Electronic Design

CFLs For Illumination: The Hidden Catch

I have a bone to pick . . . with the idea of compact fluorescent lamps (CFLs) for illumination. CFLs have been in the news recently because a California legislator (Assemblyman Lloyd Levine, D-Van Nuys) wants to mandate "Dairy Queen" bulbs to replace incandescents. That same week, the Australian government announced plans to phase out incandescent light bulbs and replace them with more energy-efficient compact fluorescent bulbs across the country. The announcement by the Australian government reminded me of a story the Associated Press reported two years ago. Fidel Castro had launched a similar program, “sending youth brigades into homes and switching out regular bulbs for energy-saving ones to help battle electrical blackouts around the island…” The AP story went on to say that “The idea was later embraced by . . . Venezuelan President Hugo Chavez, who announced his own program to save energy and in recent months has given away millions of fluorescent bulbs in neighborhoods nationwide.”

Now, I’m a card-carrying bleeding-heart, green liberal. But the fact that politicians around the world are warming up to CFLs is just goofy, and the reason can be summed up in one word: mercury.

The news outlet that got it right was National Public Radio (NPR), although it took some listener thumping to get their attention. The original feature aired on “All Things Considered” (ATC) on Feb. 8, 2007, a puff piece about Wal-Mart’s push to sell 100 million compact fluorescent bulbs in 2007. The result, Wal-Mart said, would be grand savings on the part of consumers—to the tune of $3 billion over the life of the bulbs. There was a lot of happy talk after that.

The following Thursday, when ATC aired its segment with listener responses, there was a moment of clarity. NPR Environmental Editor Elizabeth Shogren responded on-air to a listener’s criticism with some hard facts. She had talked to John Skinner, executive director of the Solid Waste Association of North America, a national trade association for trash and recycling companies and dumps. Skinner noted that while it’s legal in most states for people to throw out compact bulbs, it’s not a good idea because the bulbs often break before they get to the landfill. As a result, trash collectors can be exposed to very high levels of mercury or the mercury could seep into the soil.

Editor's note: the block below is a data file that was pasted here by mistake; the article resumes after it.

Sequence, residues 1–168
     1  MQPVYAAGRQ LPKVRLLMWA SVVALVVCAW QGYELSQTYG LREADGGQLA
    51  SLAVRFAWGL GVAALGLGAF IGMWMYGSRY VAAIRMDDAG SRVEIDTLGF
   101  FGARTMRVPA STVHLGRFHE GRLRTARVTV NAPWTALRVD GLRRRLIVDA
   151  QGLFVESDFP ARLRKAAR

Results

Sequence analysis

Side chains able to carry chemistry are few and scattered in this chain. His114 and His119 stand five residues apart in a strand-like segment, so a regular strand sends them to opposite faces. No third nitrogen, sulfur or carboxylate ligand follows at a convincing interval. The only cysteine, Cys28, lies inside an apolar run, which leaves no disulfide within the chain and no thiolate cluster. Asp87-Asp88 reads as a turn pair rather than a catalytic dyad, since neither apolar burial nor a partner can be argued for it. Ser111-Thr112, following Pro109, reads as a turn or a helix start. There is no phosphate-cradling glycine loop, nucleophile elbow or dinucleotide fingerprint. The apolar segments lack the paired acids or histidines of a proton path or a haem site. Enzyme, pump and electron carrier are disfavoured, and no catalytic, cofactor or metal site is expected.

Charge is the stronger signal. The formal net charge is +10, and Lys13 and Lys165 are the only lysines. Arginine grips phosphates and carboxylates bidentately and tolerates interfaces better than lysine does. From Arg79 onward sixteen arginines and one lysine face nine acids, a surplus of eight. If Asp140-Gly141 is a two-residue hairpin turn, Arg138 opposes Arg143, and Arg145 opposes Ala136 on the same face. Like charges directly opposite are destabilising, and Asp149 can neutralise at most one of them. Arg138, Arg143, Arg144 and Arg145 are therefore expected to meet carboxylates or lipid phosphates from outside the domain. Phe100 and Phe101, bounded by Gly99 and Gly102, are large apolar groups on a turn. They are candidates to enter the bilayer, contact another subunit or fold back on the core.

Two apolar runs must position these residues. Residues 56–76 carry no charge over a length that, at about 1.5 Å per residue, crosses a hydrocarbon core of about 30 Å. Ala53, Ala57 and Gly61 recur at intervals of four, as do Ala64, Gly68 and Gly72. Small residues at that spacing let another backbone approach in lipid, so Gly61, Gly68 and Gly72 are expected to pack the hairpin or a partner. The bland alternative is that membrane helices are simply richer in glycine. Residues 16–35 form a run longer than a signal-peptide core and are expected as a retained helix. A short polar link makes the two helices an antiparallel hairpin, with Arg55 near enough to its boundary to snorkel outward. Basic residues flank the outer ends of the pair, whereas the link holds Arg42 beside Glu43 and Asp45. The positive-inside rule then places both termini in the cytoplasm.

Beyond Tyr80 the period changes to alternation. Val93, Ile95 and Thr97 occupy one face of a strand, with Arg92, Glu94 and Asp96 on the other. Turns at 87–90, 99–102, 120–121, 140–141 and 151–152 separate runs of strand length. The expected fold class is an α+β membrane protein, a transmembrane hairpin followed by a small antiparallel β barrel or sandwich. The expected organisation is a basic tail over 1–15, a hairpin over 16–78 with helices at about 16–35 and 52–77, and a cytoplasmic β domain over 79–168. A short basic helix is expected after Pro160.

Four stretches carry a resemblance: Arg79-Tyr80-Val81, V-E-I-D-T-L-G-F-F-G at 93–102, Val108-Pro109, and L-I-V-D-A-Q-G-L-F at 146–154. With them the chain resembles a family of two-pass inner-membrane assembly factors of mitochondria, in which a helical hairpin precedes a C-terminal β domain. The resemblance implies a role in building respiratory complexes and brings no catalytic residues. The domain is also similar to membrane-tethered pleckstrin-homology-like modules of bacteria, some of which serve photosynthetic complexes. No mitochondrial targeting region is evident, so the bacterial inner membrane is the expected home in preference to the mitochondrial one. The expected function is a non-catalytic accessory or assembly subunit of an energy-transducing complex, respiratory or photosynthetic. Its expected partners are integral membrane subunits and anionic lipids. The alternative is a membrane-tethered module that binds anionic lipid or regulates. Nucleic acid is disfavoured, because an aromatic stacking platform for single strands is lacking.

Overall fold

Shogren went on to look into recycling the bulbs. She discovered that even cities that have curbside recycling wouldn’t take the bulbs; they have to go to a hazardous waste collection bay. The closest center to Shogren’s home turned out to be 95 miles away. (One good source of this information is www.lamprecycle.org. They list 25 companies in the U.S. where you can drop off your CFLs, and 30 that have some kind of pickup service.)

Then Shogren talked to the Environmental Protection Agency (EPA). An EPA spokesperson said that the agency had been urging stores that sell the bulbs to help recycle them, but that so far the biggest sellers of the bulbs haven’t stepped up to the play. The one company that does recycle its CFLs is Ikea. (Wal-Mart was mentioned specifically; but they had not, at that time, responded to Shogren.)

So that’s where we are. CFLs are full of mercury; every box they are sold in says they must be recycled, but Shogren couldn’t find a single state or municipality in the United States that has a program for recycling CFLs. I guess that if you want to recycle, it’s best to buy your bulbs from IKEA, because you know they’ll take them back when they’re worn out. (Note: I have not actually tried recycling these bulbs at my local IKEA.)

What is the mercury doing in a CFL (or the cold-cathode fluorescent lamps—CCFLs—that we use in displays)? Well, it’s a mercury vapor arc that excites the phosphors on the inside of the tube. The mercury arc produces ultraviolet light at 254 nm, and that causes the phosphors to emit visible light. How much mercury is there? Generally, it’s 4 to 5 mg, but last year, Philips introduced a range of CFLs with mercury levels from 1.4 to 2 mg, depending on light output. The European Reduction of Harmful Substances (RoHS) standard for CFLs and CCFL backlights mandates no more than 5 mg.

But wait a minute. RoHS? No more than 5 mg?!? I’m hoarding the last of my eutectic Sn/Pb solder for my grandchildren’s electronic gadgets because they’ll never be able to buy solder with lead in it, and yet my laptop still has 5 mg of Hg in its backlight? That’s almost as goofy as politicians jumping on the CFL bandwagon.

Or maybe not. In the future, there wouldn’t be any laptops without CCFLs, so it’s not surprising there’s an exemption. How long the display-panel exemption lasts depends on how successful the people making diffusers for LED backlights are. I saw some big LED panels with nice, even backlighting at a conference last September, but I don’t know what it would take to bring those diffusers into mass production.What about LEDs, you ask? Those, of course, are made with gallium and indium, two poisonous metals (there is no free lunch), but RoHS does not yet address those toxins.

By the way, for electronic designers who are interested in driving either CCFL or LED display backlights, the Feb. 15, 2007 issue of Electronic Design has a good hands-on article on the subject by three engineers at Endicott Research Group (ERG). The quickest way to access it on-line is to enter the ED Online ID “14814” in the box at the top of the page at www.electronicdesign.com. In fact, that’s the best way to read the article, as it was too long fit into the print magazine. The ERG article covers all the design basics, especially with regards to CCFLs, which offer some interesting design challenges.

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